METHODS: The data is drawn from the Health Behaviour in School-Aged Children (HBSC) database, a national cross-sectional survey in a representative sample (N = 3920) of students aged 11-13-15 years and compared to those of the Tuscan region (N = 3381). Variables considered other than PA and SBM use includes positive health indicators such as physical health status, quality of family and peer relationships, fruit consumption, breakfast consumption as well as negative health indicators, such as health complaints, smoking and alcohol use.
RESULTS: Some positive health indicators showed a positive correlation with PA. Students adopting healthy behaviours often met the Physical Activity Guide Line (PAGL). On the contrary, negative health indicators were associated with PAGL in a negative way. In general SBM was positively related to several of the negative health indicators and vice versa. SBM was related in a positive fashion to tobacco use that represents a protective factor.
DISCUSSION: The results show that met PAGL is associated with positive health indicators and that high levels of SBM use is associated with negative health indicators. The study also emphasizes the relationship between PA, SBM use and socialfactors. Increasing PA and decreasing SBM use should be an aim in general health behaviour promotion.

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comment: more physical activity is good for your health. 

Diet and the microbial aetiology of dental caries: new paradigms.


Diet and the microbial aetiology of dental caries: new paradigms.
Int Dent J. 2013 Dec;63 Suppl 2:64-72
Authors: Bradshaw DJ, Lynch RJ

The microbial and dietary factors that drive caries have been studied scientifically for 120 years. Frequent and/or excessive sugar (especially sucrose) consumption has been ascribed a central role in caries causation, while Streptococcus mutans appeared to play the key role in metabolising sucrose to produce lactic acid, which can demineralise enamel. Many authors described caries as a transmissible infectious disease. However, more recent data have shifted these paradigms. Streptococcus mutans does not fulfil Koch's postulates - presence of the organism leading to disease, and absence of the organism precluding disease. Furthermore, molecular microbiological methods have shown that, even with a sugar-rich diet, a much broader spectrum of acidogenic microbes is found in dental plaque. While simple sugars can be cariogenic, cooked starches are also now recognised to be a caries threat, especially because such starches, while not 'sticky in the hand', can be highly retentive in the mouth. Metabolism of starch particles can yield a prolonged acidic challenge, especially at retentive, caries-prone sites. These changes in the paradigms of caries aetiology have important implications for caries control strategies. Preventing the transmission of S. mutans will likely be inadequate to prevent caries if a sufficiently carbohydrate-rich diet continues. Similarly, restriction of sucrose intake, although welcome, would be unlikely to be a panacea for caries, especially if frequent starch intake persisted. Instead, approaches to optimise fluoride delivery, to target plaque acidogenicity or acidogenic microbes, to promote plaque alkali generation, to increase salivary flow or replace fermentable carbohydrates with non-fermentable alternatives may be more promising.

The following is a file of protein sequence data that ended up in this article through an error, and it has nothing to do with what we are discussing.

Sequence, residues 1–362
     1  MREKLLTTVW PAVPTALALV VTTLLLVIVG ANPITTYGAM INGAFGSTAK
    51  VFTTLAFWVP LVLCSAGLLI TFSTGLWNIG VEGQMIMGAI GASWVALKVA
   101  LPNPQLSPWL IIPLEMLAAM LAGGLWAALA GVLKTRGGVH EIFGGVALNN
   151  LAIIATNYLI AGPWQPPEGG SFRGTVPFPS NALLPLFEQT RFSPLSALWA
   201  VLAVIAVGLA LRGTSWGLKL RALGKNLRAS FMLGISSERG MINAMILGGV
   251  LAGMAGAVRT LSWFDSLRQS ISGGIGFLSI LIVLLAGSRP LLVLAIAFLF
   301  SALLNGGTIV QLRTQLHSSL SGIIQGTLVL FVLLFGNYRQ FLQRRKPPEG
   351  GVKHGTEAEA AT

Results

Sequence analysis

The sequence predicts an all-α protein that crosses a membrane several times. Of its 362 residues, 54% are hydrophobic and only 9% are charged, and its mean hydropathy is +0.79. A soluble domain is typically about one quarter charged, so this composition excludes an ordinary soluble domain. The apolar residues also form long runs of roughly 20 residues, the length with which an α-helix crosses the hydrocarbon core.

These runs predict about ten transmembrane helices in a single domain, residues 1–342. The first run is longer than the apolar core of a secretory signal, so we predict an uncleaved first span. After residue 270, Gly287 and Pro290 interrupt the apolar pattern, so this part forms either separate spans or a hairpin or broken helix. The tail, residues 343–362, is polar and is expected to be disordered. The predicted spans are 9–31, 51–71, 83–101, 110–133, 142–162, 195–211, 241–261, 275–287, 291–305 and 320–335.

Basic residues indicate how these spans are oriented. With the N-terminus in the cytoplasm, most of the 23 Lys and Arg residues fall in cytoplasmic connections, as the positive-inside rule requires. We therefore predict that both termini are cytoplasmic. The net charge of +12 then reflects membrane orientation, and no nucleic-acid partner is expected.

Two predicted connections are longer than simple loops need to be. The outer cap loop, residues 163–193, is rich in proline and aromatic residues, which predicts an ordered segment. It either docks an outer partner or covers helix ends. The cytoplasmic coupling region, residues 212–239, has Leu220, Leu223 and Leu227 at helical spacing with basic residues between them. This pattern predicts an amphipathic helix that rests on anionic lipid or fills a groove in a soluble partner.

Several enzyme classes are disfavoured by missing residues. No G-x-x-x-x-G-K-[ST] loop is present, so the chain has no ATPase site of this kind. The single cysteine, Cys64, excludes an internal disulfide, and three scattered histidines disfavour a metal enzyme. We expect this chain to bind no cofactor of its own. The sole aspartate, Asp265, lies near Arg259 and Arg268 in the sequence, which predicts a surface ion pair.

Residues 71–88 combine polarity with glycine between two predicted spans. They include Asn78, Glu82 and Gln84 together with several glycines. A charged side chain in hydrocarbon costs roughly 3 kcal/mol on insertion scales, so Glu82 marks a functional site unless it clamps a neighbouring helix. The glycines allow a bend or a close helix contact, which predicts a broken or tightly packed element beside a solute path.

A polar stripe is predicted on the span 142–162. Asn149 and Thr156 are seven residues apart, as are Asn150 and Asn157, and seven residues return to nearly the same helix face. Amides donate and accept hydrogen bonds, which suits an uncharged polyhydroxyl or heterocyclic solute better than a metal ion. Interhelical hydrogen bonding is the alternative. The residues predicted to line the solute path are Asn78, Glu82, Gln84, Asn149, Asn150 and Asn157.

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comment: Simply rinsing out the mouth with plain water, in addition to fluoride, will greatly decrease dental cavities

Sunday, February 23, 2014

Exercise Helps You Smell

This study found that exercise seems to help people keep their sense of smell as they age.



Association of exercise with... [JAMA Otolaryngol Head Neck Surg. 2013] - PubMed - NCBI

Friday, February 21, 2014

Physical activity and sedentary behaviors in postpartum Latinas: Madres para la Salud.

Physical activity and sedentary behaviors in postpartum Latinas: Madres para la Salud.
Med Sci Sports Exerc. 2013 Jul;45(7):1298-306
Authors: Ainsworth BE, Keller C, Herrmann S, Belyea M, Records K, Nagle-Williams A, Vega-López S, Permana P, Coonrod DV

PURPOSE: To describe the physical activity (PA) and sedentary behaviors of postpartum Latinas who are overweight or obese before initiating Madres para la Salud, a social support-mediated walking intervention to promote postpartum weight loss.
METHODS: One hundred thirty-nine postpartum women (13.6 ± 7.7 wk since childbirth, age = 28.3 ± 5.6 yr, BMI = 29.7 ± 3.5 kg · m(-2); mean ± SD), recruited from organizations serving Latino residents in the Phoenix, Arizona, area completed the Stanford Brief Activity Survey and concurrently wore an accelerometer (ActiGraph) and a pedometer for 7 d and kept a PA record.
RESULTS: Most were classified as inactive and lightly active on the Stanford Brief Activity Survey (51% inactive, 37% light, 11% moderate). Most time was spent in sedentary (512.0 ± 169.9 min · d(-1)) and light-intensity PA (242.4 ± 51.4 min · d(-1)) with less time in moderate-intensity lifestyle (78.3 ± 39.9 min · d(-1)), moderate-intensity walking (16.6 ± 14.4 min · d(-1)), and vigorous-intensity PA (0.34 ± 1.5 min · d(-1)). Pedometer steps per day were low (total = 4973 ± 2202 steps, aerobic = 412 ± 774 steps), with most participants rated as sedentary (61%) or low active (28.1%). Consistent with objective PA measures, PA records showed more time spent in light-intensity PA such as home care, cooking, child care and self-care tasks, occupation, religious events, and watching television.